Global statistics indicate that 1 in 8 women are diagnosed with breast cancer, but in the Western Cape, this number is higher – 1 in every 2 women who are tested are diagnosed with breast cancer.
As October is Breast Cancer Awareness Month, more light is being shed on this devastating cancer.
“The number of patients seen at our symptomatic breast clinics during April 2017 – Mar 2018 comes to 7536. In 608 of these cases positive breast cancers were identified,” said Western Minister of Health, Normafrench Mbombo. “At Groote Schuur Hospital (GSH) between 10 and 20 new breast cancers are diagnosed every week. We have seen an overall increase of 6.8% of new cancers, and most alarming is the increase in the diagnosis of cancer in women under the age of 30.”
Breast cancer affects approximately 27 in 100 000 women in South Africa, and accounts for 16% of cancer deaths amongst women. The reality is that the incidence of cancer is becoming more commonplace among local women, the number of positive cancer cases is on the rise.
“Throughout this month we will intensify our drive to raise awareness of this debilitating disease on not only female population, but also the under-emphasized diagnosis in men as well,” Mbombo added. “Typically, women with breast symptoms self-present to primary health care, and that is why service at this level is so important.”
Family history also plays a very important role in who is positively diagnosed with breast cancer. Any first-degree relatives who were diagnosed with this specific cancer at a young age must be brought to the attention of a doctor.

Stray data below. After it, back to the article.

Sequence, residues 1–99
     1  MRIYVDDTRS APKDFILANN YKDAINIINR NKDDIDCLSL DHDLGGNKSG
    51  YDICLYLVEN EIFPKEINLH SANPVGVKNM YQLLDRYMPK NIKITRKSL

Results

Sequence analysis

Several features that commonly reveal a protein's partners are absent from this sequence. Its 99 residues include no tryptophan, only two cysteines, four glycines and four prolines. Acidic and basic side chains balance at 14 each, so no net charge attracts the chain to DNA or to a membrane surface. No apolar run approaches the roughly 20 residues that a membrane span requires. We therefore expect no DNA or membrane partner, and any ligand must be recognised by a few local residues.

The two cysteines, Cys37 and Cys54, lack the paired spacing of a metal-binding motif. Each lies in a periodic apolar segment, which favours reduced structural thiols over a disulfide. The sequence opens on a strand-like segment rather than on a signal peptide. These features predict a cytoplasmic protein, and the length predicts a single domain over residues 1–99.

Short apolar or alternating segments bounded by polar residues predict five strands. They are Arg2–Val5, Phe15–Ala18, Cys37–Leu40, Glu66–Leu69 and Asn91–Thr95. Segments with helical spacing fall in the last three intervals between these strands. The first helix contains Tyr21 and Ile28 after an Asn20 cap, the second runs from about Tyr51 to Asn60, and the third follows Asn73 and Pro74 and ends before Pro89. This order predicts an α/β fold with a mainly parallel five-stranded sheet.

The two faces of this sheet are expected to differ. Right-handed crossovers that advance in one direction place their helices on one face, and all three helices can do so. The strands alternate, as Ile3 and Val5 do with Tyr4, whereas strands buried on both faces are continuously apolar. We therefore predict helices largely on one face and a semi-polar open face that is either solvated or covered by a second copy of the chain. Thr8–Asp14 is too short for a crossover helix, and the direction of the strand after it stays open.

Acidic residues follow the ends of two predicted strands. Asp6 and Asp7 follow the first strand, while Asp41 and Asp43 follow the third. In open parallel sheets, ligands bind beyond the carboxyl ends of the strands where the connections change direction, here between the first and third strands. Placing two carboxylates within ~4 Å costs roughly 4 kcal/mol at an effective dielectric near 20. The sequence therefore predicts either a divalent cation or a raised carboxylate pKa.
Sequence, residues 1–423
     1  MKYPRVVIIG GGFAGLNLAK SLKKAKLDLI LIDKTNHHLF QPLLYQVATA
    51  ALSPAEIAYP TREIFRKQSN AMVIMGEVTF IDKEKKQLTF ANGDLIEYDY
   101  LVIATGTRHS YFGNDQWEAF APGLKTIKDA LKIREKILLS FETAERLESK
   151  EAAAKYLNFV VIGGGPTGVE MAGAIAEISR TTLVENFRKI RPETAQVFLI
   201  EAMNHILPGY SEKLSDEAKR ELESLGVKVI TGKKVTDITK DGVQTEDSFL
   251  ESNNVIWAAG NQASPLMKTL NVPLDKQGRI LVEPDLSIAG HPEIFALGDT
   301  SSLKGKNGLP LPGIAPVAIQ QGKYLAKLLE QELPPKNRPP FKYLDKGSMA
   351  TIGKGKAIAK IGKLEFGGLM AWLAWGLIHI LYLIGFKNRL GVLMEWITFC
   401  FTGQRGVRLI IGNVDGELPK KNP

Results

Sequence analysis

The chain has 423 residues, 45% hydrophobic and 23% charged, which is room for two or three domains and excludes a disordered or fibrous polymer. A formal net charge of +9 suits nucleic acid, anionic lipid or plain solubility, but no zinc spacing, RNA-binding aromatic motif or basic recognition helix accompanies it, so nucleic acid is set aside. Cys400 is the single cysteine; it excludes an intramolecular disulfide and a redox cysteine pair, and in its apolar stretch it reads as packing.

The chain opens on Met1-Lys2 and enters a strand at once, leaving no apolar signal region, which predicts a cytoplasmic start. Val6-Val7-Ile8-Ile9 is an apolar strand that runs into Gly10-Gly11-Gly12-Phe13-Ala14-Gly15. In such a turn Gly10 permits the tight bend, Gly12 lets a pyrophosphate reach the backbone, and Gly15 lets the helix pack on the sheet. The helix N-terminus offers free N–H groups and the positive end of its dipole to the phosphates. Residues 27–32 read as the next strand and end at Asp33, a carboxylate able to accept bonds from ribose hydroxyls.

Those who are the most at risk of being diagnosed are women, but men are equally susceptible to this form of cancer.
Signs and Symptoms
The most common presenting complaint is that of a palpable lump in the breast. These lumps are often not painful, and other signs may include a bloody nipple discharge, changes in the appearance of the skin of the breast or surrounding skin, and palpable lymph nodes in the axilla (the area directly beneath the joint of the shoulder).
Early breast cancers may be picked up by ultrasound or a mammogram before a lump can be felt.
Early detection and self-examination is vital
For women, monthly breast self-examination two days after the last day of your period is the most important screening method.
Women over the age of 45 must go to have regular mammographies. Depending on each individual’s unique risk profile, mammography should be discussed with your doctor. Younger women have denser breast tissue and would benefit more from an ultrasound examination than a mammogram.
If you have a family history of breast cancer, consider talking to your doctor about developing a breast-screening program. A simple monthly breast self-exam is suggested to check your own breasts for lumps or anything that seems out of the ordinary.
“Great strides have been made in the treatment of breast cancer. If detected early, breast cancer patients now have an excellent prognosis,” Mbombo said. “No two individuals are the same though and many factors will influence survival including the age of the patient, tumour characteristics, the stage of the disease and the treatment plan chosen by the patient.”
Once you are diagnosed, several treatment options are available.
Treatment differs for each individual patient depending on the stage of cancer and tumour characteristics of the cancer, and a doctor will discuss the relevant treatment for each individual.
“I would like to encourage females, as well as males, to get screened for breast cancer as early as possible. Early detection is vital to get onto treatment so as to improve prognosis. Recently, we have seen an increase in males diagnosed with cancer. If you have a history of breast cancer in the family, please go to your nearest facility to get screened. The screening services are also offered through initiatives like Pink Drive, who visit Mitchells Plain Hospital and GSH intermittently,” Mbombo added.